Government and Food Industry to Blame for the Obesity Epidemic?
Youâre individually responsible for your health to an extent. But your decisions can only take you so far. A small percentage of people have health conditions that make achieving a healthy weight nearly impossible, while most can make decisions that will induce progress.
But whatâs easy to overlook is how society is working against you. The government and food industry, for example, make it very difficult to access quality nutrition. The food industry, particularly the sugar industry, has a lot of pull in Washington and it has a direct impact on your health and the food you eat.
The reason why obesity, metabolic syndrome, type 2 diabetes, non-alcoholic fatty liver disease, and the plethora of other conditions associated with diet are so profound is the excess sugar in the American diet. Sugar, and its cheaper alternative high-fructose corn syrup (HFCS), are largely responsible for the obesity epidemic. But taking sugar and HFCS out of the Standard American Diet isnât so easy.
For starters, itâs loaded into almost everything you eat and drink. If itâs coming from a package, you can bet there are added sugars. If you ordered it at a fast food or big-chain restaurant, the same thing; processed and packaged foods mean added sugars. So many Americans crave that sweet flavor, largely because itâs been practically force-fed to us without our knowledge. Between 1950 and 2000, for example, Americaâs sweet tooth rose 39% as the use of corn sweeteners octupled. Since then, portion sizes have increased and sugar has become even more readily available.
Americaâs Great Sugar Stockpile
In the 1930s, something called the âfarm billâ was enacted to help deal with the Great Depression, the Dust Bowl, and hungry American farmers and families. It provided subsidies to farmers to produce cheap calories that could be easily stored, focusing on refined carbohydrates like corn, rice, soybeans, and corn grains.
The farm bill is renewed every five years and it still encourages the same crop production, so America has sugar stockpiles all over the place. We have an excess of these calories, and over time, technology and society have progressed, providing new uses for these stockpilesâlike the production of HFCS or ethanol fuel. The government is paying for a handful of farmers to overproduce this stuff and it has to be used somehow; after all, itâs been paid for!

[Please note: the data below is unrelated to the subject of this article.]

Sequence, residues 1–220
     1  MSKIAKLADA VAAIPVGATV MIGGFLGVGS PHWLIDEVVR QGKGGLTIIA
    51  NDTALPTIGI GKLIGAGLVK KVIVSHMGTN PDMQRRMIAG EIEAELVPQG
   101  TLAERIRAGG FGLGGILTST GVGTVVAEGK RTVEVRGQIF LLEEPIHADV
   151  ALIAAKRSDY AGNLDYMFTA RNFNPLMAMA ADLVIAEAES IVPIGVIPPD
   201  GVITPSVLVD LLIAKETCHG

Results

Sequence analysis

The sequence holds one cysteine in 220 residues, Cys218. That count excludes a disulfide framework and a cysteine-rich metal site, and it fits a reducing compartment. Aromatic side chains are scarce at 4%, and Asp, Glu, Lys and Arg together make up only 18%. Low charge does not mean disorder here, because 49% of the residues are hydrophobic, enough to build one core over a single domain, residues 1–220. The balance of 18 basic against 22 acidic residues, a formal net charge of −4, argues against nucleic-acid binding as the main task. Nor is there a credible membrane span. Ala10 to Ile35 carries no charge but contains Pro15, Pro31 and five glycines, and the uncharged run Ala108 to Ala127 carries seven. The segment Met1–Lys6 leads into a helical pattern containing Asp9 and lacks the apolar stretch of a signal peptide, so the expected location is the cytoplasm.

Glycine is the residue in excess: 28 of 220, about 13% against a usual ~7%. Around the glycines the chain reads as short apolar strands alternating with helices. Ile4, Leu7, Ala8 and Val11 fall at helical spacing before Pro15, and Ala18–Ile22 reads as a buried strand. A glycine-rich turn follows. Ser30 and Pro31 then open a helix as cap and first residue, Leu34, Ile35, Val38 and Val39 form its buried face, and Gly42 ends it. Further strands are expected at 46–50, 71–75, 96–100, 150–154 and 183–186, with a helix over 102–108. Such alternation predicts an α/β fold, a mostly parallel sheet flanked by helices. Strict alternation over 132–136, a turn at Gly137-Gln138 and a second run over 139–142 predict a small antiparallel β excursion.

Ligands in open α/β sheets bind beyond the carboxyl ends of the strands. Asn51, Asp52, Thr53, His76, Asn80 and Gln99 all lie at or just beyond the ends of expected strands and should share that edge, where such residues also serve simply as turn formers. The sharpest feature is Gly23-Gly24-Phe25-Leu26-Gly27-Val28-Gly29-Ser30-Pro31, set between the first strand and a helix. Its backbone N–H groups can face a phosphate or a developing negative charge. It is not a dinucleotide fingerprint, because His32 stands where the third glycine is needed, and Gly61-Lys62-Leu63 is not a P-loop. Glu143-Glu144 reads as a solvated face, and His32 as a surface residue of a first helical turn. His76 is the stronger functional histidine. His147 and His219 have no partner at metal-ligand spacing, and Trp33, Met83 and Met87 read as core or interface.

Two-thirds of the farm billâs budget is used for food subsidy programs, which are essentially made up of fruit juices and other high-calorie, stockpiled food items. This is why we tend to see elevated obesity rates among people on programs like SNAP (the Supplemental Nutrition Assistance Program) and WIC (the supplemental nutrition program for women, infants, and children).
What the government doesnât pay for is then sold in the open market for a higher price.
Playing Politics with Your Food
Unfortunately, itâs unlikely the farm bill will undergo any serious overhauls. If a politician were to change the structure of this bill, it would almost be career suicide, because powerful Midwest votes would turn away. And remember, this is part of your tax dollars at workâpaying to produce sugar we donât need to be added in excess to the food you eat.
Sugar and HFCS are produced in 18 states, create 146,000 jobs, and contribute $10.0 billion to the economy each year. In other words, the industry has some serious political clout. And the food industry as a whole has even more, creating 16.5 million jobs, while consumers spend $1.0 trillion annually.
Within the current landscape, healthy food simply gets overlooked and the numbers prove it. Food advertising is overwhelmingly one-sided and sometimes science is twisted in order to protect economic interests. On Friday, Iâll take a look at how the numbers are stacked against you and what you can do to take the power back.
Sources for Todayâs Article:
âProfiling Food Consumption in America,â United States Department of Agriculture web site; http://www.usda.gov/factbook/chapter2.pdf, last accessed February 25, 2015.
Bobkoff, D., âFarm Billâs Sugar Subsidy More Taxing Than Sweet, Critics Say,â NPR web site, March 28, 2013; http://www.npr.org/2013/03/28/175569499/farm-bills-sugar-subsidy-more-taxing-than-sweet-critics-say, last accessed February 25, 2015.
Lustig, R.H., Fat Chance (New York: Penguin, 2013), 240â254.